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Publication numberUS2663960 A
Publication typeGrant
Publication dateDec 29, 1953
Filing dateJun 24, 1949
Priority dateJun 24, 1949
Publication numberUS 2663960 A, US 2663960A, US-A-2663960, US2663960 A, US2663960A
InventorsEnrico Cerracchio
Original AssigneeDiane Ascher, Vincent J Scordley
Export CitationBiBTeX, EndNote, RefMan
External Links: USPTO, USPTO Assignment, Espacenet
Illuminated illusion device
US 2663960 A
Abstract  available in
Images(5)
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Claims  available in
Description  (OCR text may contain errors)

Dec. 29, 1953 E. CERRACCHIO ILLUMINATED ILLUSION DEVICE 5 Sheets-Sheet l Filed June 24, 1949 Inventor:

ENRICO CERRACCHIO,

v 47m, g wm Dem-29, 1953 CERRACCHIO 2,663,960

ILLUMINATED ILLUSION DEVICE Filed June 24, 1949 5 Sheets-Sheet 2 Inventor: ENRICO CERRACCHIO,

1953 E. CERRACCHIO ILLUMINATED ILLUSION DEVICE 5 Sheets-Sheet 5 Filed June 24, 1949 Inventor:

1 orn ENRICO CERRA'CCHIO,

Dec. 29, 1953 c cc -uo 2,663,960

ILLUMINATED ILLUSION DEVICE Filed Jung 24, 1949 5 Sheets-Sheet 4 LO 9' LI- Inventor:

ENRICO CERRACCHIO,

Dec. 29, 1953 E. CERRACCHIO 2,663,960

ILLUMINATED ILLUSION DEVICE Filed June 24, 1949 5 Sheets-Sheet 5 FIG? Inventor: ENRICO CERRACCHIO Attorneys.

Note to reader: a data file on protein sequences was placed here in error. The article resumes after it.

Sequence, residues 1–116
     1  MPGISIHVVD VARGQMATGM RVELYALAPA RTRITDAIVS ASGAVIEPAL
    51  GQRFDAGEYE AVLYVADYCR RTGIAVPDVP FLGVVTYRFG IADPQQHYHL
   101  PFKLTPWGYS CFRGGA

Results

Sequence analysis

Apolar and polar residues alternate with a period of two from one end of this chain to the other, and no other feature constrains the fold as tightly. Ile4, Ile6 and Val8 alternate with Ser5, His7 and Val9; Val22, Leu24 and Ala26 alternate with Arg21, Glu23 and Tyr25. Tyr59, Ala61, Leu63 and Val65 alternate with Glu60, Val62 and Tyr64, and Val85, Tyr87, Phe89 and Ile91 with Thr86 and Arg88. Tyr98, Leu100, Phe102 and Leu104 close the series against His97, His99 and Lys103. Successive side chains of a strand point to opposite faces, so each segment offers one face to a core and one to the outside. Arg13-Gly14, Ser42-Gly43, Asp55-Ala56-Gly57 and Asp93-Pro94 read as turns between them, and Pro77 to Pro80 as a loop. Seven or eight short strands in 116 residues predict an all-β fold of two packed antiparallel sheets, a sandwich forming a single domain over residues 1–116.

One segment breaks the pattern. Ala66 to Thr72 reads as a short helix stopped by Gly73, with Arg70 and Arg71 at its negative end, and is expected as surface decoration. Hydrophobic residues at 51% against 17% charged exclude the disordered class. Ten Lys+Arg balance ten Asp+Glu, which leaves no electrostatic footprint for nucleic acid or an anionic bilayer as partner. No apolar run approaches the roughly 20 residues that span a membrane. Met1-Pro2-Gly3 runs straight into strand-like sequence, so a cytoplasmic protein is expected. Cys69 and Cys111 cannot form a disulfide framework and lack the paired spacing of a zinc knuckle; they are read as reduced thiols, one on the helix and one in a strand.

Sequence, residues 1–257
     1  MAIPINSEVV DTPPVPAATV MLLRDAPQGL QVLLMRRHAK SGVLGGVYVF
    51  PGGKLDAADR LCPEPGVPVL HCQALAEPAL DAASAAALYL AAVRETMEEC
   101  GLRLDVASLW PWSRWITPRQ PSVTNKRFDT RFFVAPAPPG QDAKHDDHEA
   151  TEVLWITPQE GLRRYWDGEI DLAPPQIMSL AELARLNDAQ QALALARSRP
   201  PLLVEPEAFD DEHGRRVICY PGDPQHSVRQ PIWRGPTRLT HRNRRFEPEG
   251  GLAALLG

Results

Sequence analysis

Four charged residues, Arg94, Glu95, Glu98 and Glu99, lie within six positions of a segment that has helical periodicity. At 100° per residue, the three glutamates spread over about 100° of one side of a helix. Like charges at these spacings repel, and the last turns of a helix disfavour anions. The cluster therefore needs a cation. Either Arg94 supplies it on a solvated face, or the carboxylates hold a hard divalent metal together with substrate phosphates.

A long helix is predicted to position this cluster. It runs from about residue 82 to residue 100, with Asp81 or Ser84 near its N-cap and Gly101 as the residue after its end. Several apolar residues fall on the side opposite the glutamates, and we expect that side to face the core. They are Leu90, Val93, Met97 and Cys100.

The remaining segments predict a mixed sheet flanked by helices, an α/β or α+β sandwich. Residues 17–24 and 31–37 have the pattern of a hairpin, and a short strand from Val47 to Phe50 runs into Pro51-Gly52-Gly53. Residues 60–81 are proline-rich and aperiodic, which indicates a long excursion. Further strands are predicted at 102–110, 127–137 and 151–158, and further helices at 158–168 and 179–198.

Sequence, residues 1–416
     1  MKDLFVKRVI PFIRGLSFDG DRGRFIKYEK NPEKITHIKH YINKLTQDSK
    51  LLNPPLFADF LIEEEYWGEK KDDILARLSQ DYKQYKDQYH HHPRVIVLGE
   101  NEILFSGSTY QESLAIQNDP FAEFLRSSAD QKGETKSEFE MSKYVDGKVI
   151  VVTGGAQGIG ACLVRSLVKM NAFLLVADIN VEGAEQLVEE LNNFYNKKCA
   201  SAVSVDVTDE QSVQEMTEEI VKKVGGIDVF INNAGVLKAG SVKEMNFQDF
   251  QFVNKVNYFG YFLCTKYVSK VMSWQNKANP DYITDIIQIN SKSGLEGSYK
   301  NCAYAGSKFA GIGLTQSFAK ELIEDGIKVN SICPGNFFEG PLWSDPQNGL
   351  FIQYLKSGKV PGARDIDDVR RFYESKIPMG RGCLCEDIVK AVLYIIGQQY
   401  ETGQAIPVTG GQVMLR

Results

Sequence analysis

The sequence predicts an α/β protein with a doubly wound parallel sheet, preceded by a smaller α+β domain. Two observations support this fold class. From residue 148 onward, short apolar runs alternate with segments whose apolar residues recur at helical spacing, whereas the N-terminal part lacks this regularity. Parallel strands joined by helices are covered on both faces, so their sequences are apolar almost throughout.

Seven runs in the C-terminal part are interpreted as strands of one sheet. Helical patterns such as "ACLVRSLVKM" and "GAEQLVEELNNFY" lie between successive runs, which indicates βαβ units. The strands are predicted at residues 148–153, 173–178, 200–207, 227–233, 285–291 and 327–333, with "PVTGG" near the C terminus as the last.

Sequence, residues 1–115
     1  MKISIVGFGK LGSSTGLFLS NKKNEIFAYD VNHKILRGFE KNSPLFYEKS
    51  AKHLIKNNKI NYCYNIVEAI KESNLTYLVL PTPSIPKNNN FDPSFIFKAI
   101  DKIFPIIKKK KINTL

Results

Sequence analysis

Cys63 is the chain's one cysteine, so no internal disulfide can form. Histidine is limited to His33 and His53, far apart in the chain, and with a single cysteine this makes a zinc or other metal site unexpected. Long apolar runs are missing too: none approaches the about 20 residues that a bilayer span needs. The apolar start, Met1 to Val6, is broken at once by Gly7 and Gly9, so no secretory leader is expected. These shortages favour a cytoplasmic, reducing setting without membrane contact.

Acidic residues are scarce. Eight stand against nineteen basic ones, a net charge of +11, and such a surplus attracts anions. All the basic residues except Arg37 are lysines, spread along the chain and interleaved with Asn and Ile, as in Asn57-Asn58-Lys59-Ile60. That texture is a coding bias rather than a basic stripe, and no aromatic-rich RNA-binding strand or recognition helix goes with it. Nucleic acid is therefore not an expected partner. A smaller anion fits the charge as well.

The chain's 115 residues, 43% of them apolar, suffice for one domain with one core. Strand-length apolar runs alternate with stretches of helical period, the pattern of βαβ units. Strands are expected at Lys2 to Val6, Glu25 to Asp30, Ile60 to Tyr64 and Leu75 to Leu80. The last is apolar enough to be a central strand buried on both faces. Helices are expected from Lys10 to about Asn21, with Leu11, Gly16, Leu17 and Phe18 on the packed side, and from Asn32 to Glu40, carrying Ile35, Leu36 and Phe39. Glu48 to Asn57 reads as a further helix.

of the box. An inwardly projecting flange or wall 1 extends around the periphery of the box and extends at right angles to the side walls, thereby providing a marginal screen behind which electric lamp bulbs may be located so that they will not be seen from the front, as will be described. The side walls of the cabinet are illustrated at 2. 3 is the rear wall of the box which is oppositely positioned from the flange i with respect to the side walls 2. The edge of the opening provided by the innermost edges of the flange l is indicated at 4. At about the central point of the rear wall 3 is an opening 5 and fitted with respect to that opening is the article 5 to be illustrated, which, in this case, is a boy's face with the eyes open and showing obvious animation. The marginal edge of the boys head, face and hair, with a small cap illustrated on the head, is fitted to the edge of the openin 5. As in the case of the devices shown in my earlier applications, the face, indicated at 6, is in concavity as contrasted to relief. In other words, the face extends from the plane of the rear wall 3 still further rearwardly, as will be clear from the sectional'views, Figs. 3 and 4.